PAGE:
Cover Image
close this bookIntroduction to Electrical Engineering - Basic vocational knowledge (Institut für Berufliche Entwicklung, 213 p.)
View the document(introduction...)
View the documentPreface
View the document1. Importance of Electrical Engineering
close this folder2. Fundamental Quantities of Electrical Engineering
View the document2.1. Current
View the document2.2. Voltage
View the document2.3. Resistance and Conductance
close this folder3. Electric Circuits
View the document3.1. Basic Circuit
View the document3.2. Ohm’s Law
close this folder3.3. Branched and Unbranched Circuits
View the document3.3.1. Branched Circuits
View the document3.3.2. Unbranched Circuits
View the document3.3.3. Meshed Circuits
close this folder4. Electrical Energy
View the document4.1. Energy and Power
View the document4.2. Efficiency
View the document4.3. Conversion of Electrical Energy into Heat
View the document4.4. Conversion of Electrical Energy into Mechanical Energy
close this folder4.5. Conversion of Electrical Energy into Light
View the document4.5.1. Fundamentals of Illumination Engineering
View the document4.5.2. Light Sources
View the document4.5.3. Illuminating Engineering
View the document4.6. Conversion of Electrical Energy into Chemical Energy and Chemical Energy into Electrical Energy
close this folder5. Magnetic Field
View the document5.1. Magnetic Phenomena
View the document5.2. Force Actions in a Magnetic Field
close this folder5.3. Electromagnetic Induction
View the document5.3.1. The General Law of Induction
View the document5.3.2. Utilisation of the Phenomena of Induction
View the document5.3.3. Inductance
close this folder6. Electrical Field
View the document6.1. Electrical Phenomena in Non-conductors
close this folder6.2. Capacity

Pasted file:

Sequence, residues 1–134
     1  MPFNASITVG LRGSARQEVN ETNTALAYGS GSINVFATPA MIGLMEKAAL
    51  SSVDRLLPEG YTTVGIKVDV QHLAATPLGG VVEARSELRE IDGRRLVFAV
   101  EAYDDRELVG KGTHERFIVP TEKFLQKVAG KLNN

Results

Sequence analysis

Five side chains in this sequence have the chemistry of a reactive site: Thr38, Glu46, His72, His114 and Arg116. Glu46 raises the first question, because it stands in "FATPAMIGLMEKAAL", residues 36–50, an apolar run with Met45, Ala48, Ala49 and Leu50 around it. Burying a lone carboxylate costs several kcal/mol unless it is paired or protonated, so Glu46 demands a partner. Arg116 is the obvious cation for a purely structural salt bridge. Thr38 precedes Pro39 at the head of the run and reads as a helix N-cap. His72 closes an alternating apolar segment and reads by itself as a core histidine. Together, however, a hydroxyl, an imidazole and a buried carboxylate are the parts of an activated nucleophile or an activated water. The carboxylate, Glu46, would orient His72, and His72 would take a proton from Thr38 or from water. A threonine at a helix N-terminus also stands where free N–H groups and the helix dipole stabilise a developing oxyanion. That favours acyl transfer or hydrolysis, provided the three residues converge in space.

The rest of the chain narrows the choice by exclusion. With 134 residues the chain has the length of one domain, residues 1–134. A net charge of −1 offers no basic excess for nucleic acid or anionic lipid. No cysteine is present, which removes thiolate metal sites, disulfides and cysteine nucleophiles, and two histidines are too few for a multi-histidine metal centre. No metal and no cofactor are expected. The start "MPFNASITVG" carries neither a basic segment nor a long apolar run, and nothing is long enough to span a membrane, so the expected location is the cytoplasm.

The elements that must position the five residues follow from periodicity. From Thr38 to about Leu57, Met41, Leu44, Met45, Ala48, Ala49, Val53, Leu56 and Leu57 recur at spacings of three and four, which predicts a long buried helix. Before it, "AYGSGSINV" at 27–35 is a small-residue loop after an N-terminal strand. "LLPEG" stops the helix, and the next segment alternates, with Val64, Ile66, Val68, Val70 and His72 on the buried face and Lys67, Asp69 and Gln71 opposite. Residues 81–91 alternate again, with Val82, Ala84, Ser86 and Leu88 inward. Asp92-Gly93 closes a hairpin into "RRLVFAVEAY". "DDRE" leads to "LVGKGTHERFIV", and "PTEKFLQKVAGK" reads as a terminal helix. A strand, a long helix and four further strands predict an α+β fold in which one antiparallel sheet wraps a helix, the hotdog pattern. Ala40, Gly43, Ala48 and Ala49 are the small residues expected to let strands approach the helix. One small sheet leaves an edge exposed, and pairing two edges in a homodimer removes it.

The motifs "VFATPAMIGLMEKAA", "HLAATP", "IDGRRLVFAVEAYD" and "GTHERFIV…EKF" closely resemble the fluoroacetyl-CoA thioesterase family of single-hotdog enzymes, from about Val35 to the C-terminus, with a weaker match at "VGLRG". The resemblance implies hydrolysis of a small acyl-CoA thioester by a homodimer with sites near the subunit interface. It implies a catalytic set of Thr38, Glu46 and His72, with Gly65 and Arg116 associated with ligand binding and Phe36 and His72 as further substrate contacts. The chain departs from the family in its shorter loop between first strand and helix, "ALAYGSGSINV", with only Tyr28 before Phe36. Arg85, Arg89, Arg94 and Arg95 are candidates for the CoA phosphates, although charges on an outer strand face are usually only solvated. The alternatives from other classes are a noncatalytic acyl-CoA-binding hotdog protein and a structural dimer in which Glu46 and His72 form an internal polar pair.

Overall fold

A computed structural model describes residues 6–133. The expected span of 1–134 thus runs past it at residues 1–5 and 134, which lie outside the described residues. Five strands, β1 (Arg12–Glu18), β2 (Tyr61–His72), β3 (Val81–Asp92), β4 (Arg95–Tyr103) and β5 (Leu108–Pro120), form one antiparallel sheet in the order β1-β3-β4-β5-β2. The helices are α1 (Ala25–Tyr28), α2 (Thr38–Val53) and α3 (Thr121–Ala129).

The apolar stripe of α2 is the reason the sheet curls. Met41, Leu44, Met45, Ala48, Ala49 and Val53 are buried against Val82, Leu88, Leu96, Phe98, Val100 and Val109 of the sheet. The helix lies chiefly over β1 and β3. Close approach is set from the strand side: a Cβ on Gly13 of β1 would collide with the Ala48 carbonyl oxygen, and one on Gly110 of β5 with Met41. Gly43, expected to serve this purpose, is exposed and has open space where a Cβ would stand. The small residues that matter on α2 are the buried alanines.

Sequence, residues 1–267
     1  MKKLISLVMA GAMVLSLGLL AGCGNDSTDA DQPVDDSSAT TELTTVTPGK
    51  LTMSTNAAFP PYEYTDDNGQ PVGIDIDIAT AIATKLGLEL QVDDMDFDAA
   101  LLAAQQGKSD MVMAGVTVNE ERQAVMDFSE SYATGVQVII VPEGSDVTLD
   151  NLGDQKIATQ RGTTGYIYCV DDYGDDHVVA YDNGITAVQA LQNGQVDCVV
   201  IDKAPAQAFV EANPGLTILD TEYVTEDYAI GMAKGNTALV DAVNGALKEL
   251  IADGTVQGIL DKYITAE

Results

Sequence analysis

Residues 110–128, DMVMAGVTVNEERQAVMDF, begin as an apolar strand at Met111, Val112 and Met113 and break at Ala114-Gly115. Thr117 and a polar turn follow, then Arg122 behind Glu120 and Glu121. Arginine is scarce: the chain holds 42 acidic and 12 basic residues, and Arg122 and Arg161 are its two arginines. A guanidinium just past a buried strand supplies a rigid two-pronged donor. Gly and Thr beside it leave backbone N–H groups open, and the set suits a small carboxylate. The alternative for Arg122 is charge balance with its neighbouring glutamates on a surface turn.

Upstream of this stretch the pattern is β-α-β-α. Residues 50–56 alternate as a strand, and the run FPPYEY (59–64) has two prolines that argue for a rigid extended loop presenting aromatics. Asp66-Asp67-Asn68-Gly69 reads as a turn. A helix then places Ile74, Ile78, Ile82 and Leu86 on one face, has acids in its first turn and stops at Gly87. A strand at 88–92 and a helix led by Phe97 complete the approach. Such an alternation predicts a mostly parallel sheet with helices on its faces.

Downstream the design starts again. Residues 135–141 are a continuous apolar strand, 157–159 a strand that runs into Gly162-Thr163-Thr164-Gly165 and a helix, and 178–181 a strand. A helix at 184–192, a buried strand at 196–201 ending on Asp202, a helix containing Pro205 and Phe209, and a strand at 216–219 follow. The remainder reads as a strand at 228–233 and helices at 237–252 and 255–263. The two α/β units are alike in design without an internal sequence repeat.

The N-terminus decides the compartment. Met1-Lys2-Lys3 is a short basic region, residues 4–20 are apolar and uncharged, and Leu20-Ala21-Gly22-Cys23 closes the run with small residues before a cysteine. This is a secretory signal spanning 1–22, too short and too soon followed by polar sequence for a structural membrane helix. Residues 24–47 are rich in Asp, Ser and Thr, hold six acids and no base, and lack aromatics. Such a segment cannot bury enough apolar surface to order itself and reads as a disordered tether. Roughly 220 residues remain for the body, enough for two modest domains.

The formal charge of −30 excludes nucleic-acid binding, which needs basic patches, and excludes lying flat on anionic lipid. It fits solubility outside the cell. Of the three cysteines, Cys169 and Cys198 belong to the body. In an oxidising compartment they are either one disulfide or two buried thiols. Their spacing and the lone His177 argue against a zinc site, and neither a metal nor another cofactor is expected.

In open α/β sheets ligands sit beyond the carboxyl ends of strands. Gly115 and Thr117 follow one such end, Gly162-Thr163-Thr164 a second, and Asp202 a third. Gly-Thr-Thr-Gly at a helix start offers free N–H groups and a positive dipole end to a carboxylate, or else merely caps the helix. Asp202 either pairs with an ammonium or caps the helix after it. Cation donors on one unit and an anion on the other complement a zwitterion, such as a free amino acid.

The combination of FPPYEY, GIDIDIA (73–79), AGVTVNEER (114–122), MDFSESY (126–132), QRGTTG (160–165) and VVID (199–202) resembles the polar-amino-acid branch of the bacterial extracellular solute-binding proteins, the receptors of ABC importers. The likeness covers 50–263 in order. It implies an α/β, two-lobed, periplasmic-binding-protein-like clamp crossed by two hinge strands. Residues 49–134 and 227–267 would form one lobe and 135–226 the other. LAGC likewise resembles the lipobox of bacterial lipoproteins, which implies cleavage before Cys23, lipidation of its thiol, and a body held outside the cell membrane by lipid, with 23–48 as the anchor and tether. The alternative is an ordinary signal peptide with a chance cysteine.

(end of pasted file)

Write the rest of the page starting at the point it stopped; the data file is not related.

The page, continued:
View the document6.2.1. Capacity and Capacitor
View the document6.2.2. Behaviour of a Capacitor in a Direct Current Circuit
View the document6.2.3. Types of Capacitors
close this folder7. Alternating Current
View the document7.1. Importance and Advantages of Alternating Current
View the document7.2. Characteristics of Alternating Current
View the document7.3. Resistances in an Alternating Current Circuit
View the document7.4. Power of Alternating Current
close this folder8. Three-phase Current
View the document8.1. Generation of Three-phase Current
View the document8.2. The Rotating Field
View the document8.3. Interlinking of the Three-phase Current
View the document8.4. Power of Three-phase Current
close this folder9. Protective Measures in Electrical Installations
View the document9.1. Danger to Man by Electric Shock
close this folder9.2. Measures for the Protection of Man from Electric Shock
View the document9.2.1. Protective Insulation
View the document9.2.2. Extra-low Protective Voltage
View the document9.2.3. Protective Isolation
View the document9.2.4. Protective Wire System
View the document9.2.5. Protective Earthing
View the document9.2.6. Connection to the Neutral
View the document9.2.7. Fault-current Protection
View the document9.3. Checking the Protective Measures

1. Importance of Electrical Engineering

Our life would be unthinkable without the use of electrical energy. The growing utilisation of the latter is a decisive prerequisite for a rapid development of industry and agriculture.